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Ahmadinejad sees troubled election as mandate

TEHRAN, Iran — Iranian President Mahmoud Ahmadinejad on Tuesday declared that his disputed re-election gave him a mandate to continue his domestic and international policies and spoke out defiantly against the West in a televised speech meant to shore up his legitimacy amid continued political turmoil.

But he softened his rhetoric toward opponents at home from the days after the June 12 election, when he dismissed his rivals as sore losers.

"We have entered a new era in both the domestic sphere and at the international level," he said. "Inside the country the path people are taking is clearer than before. And we will tread on that path more powerfully than before."

During and after his speech, Iranians in various neighborhoods climbed to their rooftops to chant "God is great," and "Death to the dictator" in what has become a nightly protest against Ahmadinejad and in support of former Prime Minister Mir Hossein Mousavi, his chief rival. Mousavi posted a statement on his Web site Tuesday calling on the government to free prisoners swept up in a crackdown against those disputing the election.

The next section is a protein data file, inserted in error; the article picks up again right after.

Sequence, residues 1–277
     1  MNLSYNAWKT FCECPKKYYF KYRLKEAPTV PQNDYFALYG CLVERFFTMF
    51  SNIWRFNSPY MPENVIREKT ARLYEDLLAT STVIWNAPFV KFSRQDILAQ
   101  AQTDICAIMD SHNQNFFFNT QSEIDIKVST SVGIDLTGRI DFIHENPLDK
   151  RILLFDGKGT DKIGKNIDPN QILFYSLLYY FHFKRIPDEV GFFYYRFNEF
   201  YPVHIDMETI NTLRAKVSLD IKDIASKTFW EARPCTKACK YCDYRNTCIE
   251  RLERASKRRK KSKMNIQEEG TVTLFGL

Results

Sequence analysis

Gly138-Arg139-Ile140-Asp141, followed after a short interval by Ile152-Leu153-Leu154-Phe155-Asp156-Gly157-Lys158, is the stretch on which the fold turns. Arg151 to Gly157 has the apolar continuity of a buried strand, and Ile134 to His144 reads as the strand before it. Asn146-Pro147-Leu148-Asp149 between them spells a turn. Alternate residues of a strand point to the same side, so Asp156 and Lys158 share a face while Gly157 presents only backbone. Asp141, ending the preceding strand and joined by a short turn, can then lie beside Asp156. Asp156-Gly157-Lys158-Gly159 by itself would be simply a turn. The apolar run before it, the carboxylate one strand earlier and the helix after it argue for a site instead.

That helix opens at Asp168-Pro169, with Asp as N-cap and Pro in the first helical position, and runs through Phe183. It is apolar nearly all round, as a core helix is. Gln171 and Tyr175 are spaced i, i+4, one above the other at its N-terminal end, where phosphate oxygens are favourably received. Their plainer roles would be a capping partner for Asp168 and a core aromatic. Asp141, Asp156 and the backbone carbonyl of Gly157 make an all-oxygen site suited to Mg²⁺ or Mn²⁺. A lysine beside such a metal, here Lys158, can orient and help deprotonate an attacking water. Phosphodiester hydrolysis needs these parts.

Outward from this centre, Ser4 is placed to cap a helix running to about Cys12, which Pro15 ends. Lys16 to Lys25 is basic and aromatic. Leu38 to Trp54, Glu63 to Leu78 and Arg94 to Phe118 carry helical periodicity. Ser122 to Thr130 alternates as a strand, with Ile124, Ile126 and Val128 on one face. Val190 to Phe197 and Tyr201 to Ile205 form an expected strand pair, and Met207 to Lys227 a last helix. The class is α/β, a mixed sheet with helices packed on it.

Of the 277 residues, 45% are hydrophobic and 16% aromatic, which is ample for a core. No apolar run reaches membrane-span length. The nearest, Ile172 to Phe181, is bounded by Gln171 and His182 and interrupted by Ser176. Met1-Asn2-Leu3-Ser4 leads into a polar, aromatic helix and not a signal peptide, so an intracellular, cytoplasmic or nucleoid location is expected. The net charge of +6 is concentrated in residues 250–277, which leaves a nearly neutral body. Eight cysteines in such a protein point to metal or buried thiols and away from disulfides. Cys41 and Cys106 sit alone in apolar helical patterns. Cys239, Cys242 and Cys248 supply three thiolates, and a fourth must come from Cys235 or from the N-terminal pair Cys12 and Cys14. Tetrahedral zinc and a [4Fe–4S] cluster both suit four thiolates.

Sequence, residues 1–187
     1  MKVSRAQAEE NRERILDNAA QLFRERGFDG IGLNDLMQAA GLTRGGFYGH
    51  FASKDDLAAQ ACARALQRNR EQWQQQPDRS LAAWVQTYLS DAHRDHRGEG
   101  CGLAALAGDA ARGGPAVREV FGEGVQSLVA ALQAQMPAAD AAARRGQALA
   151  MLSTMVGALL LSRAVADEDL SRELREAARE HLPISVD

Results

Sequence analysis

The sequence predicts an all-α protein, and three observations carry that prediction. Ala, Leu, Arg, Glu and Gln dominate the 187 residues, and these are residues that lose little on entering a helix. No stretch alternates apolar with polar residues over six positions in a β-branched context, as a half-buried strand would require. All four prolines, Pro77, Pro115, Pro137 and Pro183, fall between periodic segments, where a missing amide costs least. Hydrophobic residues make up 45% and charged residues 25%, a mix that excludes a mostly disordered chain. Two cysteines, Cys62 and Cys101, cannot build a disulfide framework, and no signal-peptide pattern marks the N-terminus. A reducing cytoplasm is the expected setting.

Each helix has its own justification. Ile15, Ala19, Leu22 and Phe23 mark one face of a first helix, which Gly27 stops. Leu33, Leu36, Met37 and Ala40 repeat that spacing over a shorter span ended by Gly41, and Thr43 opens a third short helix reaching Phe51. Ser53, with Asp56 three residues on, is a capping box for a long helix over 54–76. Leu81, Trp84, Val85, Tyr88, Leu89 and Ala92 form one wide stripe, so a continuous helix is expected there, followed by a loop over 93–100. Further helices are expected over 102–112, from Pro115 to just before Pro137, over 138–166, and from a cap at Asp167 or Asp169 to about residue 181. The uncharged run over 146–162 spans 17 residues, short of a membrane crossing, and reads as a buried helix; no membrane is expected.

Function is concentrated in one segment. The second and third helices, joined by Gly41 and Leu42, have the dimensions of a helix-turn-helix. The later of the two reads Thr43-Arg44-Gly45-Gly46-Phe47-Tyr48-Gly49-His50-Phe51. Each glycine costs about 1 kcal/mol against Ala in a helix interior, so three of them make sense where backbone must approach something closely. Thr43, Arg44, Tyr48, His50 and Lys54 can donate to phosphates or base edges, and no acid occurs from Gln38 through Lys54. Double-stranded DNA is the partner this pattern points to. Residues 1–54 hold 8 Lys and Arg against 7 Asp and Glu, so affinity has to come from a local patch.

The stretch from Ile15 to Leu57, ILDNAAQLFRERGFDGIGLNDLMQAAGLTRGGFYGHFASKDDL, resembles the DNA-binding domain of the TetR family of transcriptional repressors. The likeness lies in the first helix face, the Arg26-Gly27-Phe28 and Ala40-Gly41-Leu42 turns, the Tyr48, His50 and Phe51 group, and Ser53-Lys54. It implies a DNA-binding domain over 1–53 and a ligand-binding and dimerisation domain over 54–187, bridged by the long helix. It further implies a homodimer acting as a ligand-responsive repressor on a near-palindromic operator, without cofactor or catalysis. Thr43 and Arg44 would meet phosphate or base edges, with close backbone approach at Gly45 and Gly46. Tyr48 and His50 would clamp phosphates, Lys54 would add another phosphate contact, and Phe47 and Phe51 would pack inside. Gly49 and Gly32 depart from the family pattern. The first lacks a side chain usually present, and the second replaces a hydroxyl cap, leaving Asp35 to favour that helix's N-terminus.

Ahmadinejad described the election as a "momentous" event that "was the freest and the healthiest election the world has ever seen," setting a new start for Iran.

"People put their seal of approval to (my) four years in office," he said.

He said those who alleged that the vote was rigged "failed to offer even a single piece of evidence," though Mousavi recently released a 24-page document detailing accusations of fraud and official photos of a partial recount effort showed hundreds of unfolded ballots, despite the requirement that voters are to fold their ballots.

Ahmadinejad sees troubled election as mandate 07/07/09 [Last modified: Tuesday, July 7, 2009 11:56pm]
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